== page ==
Pregnant girls and young parents in South African schools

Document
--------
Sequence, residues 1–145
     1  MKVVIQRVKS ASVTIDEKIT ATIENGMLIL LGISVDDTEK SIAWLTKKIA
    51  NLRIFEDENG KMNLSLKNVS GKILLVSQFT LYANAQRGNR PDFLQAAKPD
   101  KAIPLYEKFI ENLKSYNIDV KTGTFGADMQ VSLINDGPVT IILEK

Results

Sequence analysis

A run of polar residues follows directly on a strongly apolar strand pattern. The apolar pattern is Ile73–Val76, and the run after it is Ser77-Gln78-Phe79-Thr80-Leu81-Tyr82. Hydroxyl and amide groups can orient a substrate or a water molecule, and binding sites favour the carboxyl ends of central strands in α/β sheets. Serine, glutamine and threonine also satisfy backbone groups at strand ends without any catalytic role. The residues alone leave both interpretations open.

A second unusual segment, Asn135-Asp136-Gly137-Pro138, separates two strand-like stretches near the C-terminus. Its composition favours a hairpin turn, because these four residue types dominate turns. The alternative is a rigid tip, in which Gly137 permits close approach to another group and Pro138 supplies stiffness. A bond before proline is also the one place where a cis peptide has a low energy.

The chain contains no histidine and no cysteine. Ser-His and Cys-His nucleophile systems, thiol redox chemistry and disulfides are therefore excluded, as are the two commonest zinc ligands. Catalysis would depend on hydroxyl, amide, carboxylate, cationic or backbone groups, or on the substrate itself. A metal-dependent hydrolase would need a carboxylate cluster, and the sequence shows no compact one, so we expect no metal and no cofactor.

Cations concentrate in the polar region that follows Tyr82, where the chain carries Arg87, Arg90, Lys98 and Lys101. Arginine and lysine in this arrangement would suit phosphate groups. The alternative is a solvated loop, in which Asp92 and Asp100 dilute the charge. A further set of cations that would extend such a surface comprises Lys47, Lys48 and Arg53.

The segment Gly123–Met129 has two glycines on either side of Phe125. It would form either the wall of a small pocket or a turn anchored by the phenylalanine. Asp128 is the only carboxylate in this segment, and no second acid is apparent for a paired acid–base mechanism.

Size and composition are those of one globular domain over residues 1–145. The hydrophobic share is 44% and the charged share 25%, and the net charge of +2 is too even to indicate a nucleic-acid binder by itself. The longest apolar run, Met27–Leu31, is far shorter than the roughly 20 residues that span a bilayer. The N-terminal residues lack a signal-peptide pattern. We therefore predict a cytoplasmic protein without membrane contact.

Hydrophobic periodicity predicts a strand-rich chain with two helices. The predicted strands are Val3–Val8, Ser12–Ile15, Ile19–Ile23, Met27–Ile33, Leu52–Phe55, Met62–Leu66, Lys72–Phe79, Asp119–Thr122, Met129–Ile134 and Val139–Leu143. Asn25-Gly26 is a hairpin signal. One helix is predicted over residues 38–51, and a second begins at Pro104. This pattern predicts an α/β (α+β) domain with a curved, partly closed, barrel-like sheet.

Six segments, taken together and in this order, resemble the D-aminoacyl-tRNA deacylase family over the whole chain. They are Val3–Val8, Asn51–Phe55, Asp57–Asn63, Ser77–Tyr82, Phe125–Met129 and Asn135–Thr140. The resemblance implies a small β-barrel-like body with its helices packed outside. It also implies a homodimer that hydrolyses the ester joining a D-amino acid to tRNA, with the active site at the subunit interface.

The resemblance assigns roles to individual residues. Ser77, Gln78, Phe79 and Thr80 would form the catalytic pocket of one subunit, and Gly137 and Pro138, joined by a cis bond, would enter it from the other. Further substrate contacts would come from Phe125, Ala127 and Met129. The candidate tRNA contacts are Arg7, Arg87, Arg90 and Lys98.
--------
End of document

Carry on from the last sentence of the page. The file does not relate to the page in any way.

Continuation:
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Since the promulgation of the South African Schools Act in 1 996, it has become illegal to exclude pregnant girls from school. Influenced by feminist research, policy has sought to assist pregnant girls and young parents to continue and complete their schooling on the understanding that having children often terminates school-going, limiting future employment and work opportunities. This focus seeks to examine how the new policy has been understood and implemented. The authors focus on the views and experiences of principals and teachers, as they are the authorities at school with the responsibility for ensuring that the policy is implemented. The paper draws on qualitative data collected by a larger study on being and becoming a parent at a diverse group of schools in KwaZulu-Natal and the Western Cape Province. The authors investigate the extent to which schools' responses to pregnancy and parenting reflect and/or reproduce normative gender roles and practices with respect to schooling and parenting in contemporary South Africa. The paper also shows that despite familiar stereotypes about young parents and pregnancy both teachers and principals take their educational responsibilities seriously. They do care and do try to help. But many teachers are judgmental and moralistic, particularly in response to young girls.